Opinion from OU Associate Athletics Director for Communications Kenny Mossman.
Congregation, for today's football lesson we turn
to the ninth verse in the first chapter of Ecclesiastes,
where it says, "What has been will be again, what
has been done will be done again; there is nothing
new under the sun."
That, of course, brings us to the college football
rage these days, the hurry-up offense.
Thanks to a more-frequently moving clock and the
fact that offensive coordinators delight in watching
defensive players run ragged while trying to find a
decent alignment, offensive units no longer huddle.
Instead they stand at the line of scrimmage peering
over at a group of coaches or reserve players signaling
in plays with a series of hand and arm gyrations that
more closely resemble a game of Charades gone terribly
Innovative? Creative? Well, maybe the gyrations,
but nothing else.
Hurry-up offenses are nearly as old as the game
itself. And, interestingly, Oklahoma has ties to the
history of the hurry-up. One involved Oklahoma's first
great coach, Bennie Owen.
Prior to 1900 when he was playing football at Kansas
under legendary coach Fielding Yost, Owen, the KU quarterback,
was instructed to call signals for the next play while
still lying beneath the tackle pile from the previous
So prominent was that part of Yost's strategy that
he was nicknamed, "Hurry Up."
Half-a-century later, Bud Wilkinson employed a similar
strategy when his out-sized Sooners were struggling
against Maryland in the 1956 Orange Bowl.
Trailing 6-0 at halftime, Wilkinson called for the "fast
break offense." The frenetic tempo left the Terps
tired and disorganized, and the Sooners rallied for
a 20-6 victory.
That 1955 OU team won the national championship
and extended its winning streak, the one that would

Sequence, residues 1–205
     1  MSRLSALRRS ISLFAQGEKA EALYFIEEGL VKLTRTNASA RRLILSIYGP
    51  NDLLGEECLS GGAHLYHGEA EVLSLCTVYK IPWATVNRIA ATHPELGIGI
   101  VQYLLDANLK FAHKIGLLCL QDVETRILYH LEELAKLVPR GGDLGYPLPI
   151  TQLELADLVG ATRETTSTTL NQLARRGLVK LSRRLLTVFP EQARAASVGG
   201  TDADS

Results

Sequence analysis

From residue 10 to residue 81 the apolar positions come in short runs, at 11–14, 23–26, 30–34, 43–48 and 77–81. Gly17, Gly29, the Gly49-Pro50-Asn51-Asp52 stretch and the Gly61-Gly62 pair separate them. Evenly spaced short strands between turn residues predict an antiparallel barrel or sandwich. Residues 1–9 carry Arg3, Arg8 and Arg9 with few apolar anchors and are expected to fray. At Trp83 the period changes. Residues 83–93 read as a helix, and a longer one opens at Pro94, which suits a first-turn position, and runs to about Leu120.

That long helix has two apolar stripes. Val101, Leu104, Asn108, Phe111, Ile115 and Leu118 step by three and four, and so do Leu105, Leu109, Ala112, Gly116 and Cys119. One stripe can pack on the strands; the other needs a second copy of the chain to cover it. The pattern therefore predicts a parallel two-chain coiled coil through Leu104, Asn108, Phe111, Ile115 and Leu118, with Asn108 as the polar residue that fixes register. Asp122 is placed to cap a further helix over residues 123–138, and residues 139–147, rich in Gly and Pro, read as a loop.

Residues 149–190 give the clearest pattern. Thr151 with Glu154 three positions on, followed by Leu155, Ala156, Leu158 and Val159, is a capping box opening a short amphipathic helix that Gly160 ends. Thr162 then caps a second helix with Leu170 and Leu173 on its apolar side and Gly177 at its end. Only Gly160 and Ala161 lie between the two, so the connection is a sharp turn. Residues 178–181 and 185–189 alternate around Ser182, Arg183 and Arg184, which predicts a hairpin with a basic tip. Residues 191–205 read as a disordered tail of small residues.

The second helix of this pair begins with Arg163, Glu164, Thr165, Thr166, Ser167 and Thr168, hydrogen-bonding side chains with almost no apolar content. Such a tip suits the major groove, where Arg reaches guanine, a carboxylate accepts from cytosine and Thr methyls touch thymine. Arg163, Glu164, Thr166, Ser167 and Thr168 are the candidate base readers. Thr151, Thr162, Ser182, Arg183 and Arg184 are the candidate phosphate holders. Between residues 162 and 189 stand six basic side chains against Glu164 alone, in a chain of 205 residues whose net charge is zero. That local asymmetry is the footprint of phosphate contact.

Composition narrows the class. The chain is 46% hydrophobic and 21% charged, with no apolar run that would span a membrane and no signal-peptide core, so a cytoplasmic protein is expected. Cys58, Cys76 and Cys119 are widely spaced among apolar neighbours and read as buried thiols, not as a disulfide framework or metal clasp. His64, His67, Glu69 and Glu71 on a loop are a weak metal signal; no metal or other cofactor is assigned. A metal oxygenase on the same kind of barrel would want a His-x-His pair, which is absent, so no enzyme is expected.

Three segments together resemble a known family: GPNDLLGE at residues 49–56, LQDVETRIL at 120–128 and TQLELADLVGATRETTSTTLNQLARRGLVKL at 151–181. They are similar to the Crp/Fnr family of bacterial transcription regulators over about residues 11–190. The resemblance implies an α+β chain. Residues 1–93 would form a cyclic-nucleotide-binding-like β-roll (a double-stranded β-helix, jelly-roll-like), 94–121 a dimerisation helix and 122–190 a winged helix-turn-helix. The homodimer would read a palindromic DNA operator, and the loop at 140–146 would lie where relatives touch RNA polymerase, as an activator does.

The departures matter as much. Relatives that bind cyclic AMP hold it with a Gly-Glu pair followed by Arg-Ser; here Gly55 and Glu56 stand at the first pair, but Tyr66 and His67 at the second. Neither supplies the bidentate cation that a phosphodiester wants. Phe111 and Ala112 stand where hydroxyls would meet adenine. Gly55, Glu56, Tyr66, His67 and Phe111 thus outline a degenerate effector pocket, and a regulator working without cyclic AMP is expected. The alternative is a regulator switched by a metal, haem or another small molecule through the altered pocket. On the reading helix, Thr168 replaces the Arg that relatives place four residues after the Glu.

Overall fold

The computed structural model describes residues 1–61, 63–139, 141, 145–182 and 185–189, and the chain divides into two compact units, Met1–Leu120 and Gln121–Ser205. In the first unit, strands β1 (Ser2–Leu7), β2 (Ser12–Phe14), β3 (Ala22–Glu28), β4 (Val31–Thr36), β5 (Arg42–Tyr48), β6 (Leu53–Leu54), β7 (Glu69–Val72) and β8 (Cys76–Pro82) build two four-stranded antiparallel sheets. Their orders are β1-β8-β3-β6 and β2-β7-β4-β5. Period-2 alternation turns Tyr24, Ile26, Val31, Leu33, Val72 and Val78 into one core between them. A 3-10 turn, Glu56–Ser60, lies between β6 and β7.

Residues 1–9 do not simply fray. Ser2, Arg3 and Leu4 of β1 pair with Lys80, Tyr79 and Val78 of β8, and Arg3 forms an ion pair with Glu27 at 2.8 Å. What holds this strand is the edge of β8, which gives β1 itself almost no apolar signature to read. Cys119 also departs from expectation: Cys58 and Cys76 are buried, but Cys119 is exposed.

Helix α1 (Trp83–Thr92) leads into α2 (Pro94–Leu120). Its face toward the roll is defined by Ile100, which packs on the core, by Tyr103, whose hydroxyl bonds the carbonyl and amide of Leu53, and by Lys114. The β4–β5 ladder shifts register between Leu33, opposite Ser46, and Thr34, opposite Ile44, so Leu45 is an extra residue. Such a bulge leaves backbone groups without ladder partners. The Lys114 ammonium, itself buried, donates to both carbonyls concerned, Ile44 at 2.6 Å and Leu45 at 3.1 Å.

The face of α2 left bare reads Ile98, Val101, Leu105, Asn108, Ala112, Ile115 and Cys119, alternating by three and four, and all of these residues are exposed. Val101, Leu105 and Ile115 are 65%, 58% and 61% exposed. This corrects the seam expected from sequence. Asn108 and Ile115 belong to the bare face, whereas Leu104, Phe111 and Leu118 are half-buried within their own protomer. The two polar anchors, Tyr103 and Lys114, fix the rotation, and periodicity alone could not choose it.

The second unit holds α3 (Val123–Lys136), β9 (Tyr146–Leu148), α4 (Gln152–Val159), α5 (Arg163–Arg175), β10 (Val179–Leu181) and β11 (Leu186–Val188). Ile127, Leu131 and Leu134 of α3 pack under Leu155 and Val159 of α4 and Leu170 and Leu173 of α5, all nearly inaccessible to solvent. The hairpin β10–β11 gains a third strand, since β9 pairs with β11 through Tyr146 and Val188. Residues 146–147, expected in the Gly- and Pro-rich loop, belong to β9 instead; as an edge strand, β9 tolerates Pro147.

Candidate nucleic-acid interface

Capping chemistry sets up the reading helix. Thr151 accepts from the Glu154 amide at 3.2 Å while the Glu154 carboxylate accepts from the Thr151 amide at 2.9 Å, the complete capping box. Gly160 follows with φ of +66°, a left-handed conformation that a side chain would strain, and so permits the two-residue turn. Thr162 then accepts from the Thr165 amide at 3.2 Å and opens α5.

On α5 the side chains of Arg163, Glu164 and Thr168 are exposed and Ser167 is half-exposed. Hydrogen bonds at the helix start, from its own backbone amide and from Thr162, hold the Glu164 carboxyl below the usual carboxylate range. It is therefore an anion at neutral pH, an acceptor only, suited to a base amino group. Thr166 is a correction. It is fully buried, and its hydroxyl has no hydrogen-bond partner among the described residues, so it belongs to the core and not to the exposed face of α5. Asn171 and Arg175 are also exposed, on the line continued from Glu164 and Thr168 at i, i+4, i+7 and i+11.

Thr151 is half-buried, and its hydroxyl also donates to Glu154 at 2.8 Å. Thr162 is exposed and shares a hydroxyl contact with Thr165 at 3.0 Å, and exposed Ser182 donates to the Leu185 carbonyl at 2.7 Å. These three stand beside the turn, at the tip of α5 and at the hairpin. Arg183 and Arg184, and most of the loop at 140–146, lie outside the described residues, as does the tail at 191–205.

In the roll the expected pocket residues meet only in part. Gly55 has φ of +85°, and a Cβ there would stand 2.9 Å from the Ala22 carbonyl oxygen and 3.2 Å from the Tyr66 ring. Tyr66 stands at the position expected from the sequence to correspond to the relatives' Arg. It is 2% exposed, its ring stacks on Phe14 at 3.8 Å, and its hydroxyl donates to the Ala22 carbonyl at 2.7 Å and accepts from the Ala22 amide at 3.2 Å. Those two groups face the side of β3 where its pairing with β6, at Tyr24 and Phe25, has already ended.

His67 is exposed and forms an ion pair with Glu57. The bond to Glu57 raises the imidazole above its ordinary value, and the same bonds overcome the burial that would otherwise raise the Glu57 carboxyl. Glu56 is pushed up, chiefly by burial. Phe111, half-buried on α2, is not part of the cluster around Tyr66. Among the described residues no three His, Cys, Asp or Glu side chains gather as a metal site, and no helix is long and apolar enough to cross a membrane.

eventually reach an NCAA record 47 games, to 30 with
that win over Maryland.
The fact that coaches have returned to the hurry-up
ploy in this generation is certainly no indictment
on today's football minds. It has long been said that
the best ideas are stolen.
No, what the more recent bent towards the hurry-up
should point out is the wisdom of the game's early
strategists. The fact that this whole concept is effective
more than 100 years after it was first introduced certainly
merits a tip of the visor.
That said, the warped offensive numbers emanating
from the hurry-up mixed with the spread formation leave
this football traditionalist a bit concerned. I don't
know what the inventors of the game intended, but am
guessing they envisioned a first down as something
to be cherished, not assumed.
But that's just me. Nothing pleased my football
eye more than a well-oiled wishbone, which was plenty
potent in its own right. Some say it will never come
back. I scoff. If Fielding Yost's hurry-up found its
way back into the playbooks, so too can the triple
While waiting, I'm content to sit here and watch
those three guys signal in from the sideline while
wondering if my rotator cuffs could hold up under such
an inside perspective from the OU
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Associate Athletics Director for Communications Kenny
provides his thoughts in his online column